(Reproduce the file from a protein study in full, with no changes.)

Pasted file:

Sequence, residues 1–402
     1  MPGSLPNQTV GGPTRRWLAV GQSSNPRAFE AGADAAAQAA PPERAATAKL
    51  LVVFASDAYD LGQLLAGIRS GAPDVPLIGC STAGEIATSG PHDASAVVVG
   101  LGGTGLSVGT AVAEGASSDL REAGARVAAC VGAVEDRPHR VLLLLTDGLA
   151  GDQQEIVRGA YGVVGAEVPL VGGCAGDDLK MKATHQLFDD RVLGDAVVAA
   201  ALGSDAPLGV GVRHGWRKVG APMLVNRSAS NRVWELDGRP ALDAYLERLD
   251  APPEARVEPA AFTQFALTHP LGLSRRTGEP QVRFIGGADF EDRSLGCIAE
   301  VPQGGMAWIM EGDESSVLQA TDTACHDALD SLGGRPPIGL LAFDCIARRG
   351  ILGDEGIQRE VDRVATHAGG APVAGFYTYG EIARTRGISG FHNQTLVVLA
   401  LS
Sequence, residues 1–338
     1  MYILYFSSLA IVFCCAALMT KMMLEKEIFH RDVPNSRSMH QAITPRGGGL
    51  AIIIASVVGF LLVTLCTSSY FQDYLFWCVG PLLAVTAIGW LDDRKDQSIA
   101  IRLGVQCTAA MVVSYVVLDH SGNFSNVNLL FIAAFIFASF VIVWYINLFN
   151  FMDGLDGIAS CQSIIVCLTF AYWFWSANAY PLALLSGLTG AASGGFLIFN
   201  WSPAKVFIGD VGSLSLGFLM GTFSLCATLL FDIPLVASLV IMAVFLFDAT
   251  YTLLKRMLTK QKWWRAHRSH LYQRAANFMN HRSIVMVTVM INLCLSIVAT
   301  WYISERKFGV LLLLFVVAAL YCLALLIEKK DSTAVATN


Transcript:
Sequence, residues 1–402
     1  MPGSLPNQTV GGPTRRWLAV GQSSNPRAFE AGADAAAQAA PPERAATAKL
    51  LVVFASDAYD LGQLLAGIRS GAPDVPLIGC STAGEIATSG PHDASAVVVG
   101  LGGTGLSVGT AVAEGASSDL REAGARVAAC VGAVEDRPHR VLLLLTDGLA
   151  GDQQEIVRGA YGVVGAEVPL VGGCAGDDLK MKATHQLFDD RVLGDAVVAA
   201  ALGSDAPLGV GVRHGWRKVG APMLVNRSAS NRVWELDGRP ALDAYLERLD
   251  APPEARVEPA AFTQFALTHP LGLSRRTGEP QVRFIGGADF EDRSLGCIAE
   301  VPQGGMAWIM EGDESSVLQA TDTACHDALD SLGGRPPIGL LAFDCIARRG
   351  ILGDEGIQRE VDRVATHAGG APVAGFYTYG EIARTRGISG FHNQTLVVLA
   401  LS
Sequence, residues 1–338
     1  MYILYFSSLA IVFCCAALMT KMMLEKEIFH RDVPNSRSMH QAITPRGGGL
    51  AIIIASVVGF LLVTLCTSSY FQDYLFWCVG PLLAVTAIGW LDDRKDQSIA
   101  IRLGVQCTAA MVVSYVVLDH SGNFSNVNLL FIAAFIFASF VIVWYINLFN
   151  FMDGLDGIAS CQSIIVCLTF AYWFWSANAY PLALLSGLTG AASGGFLIFN
   201  WSPAKVFIGD VGSLSLGFLM GTFSLCATLL FDIPLVASLV IMAVFLFDAT
   251  YTLLKRMLTK QKWWRAHRSH LYQRAANFMN HRSIVMVTVM INLCLSIVAT
   301  WYISERKFGV LLLLFVVAAL YCLALLIEKK DSTAVATN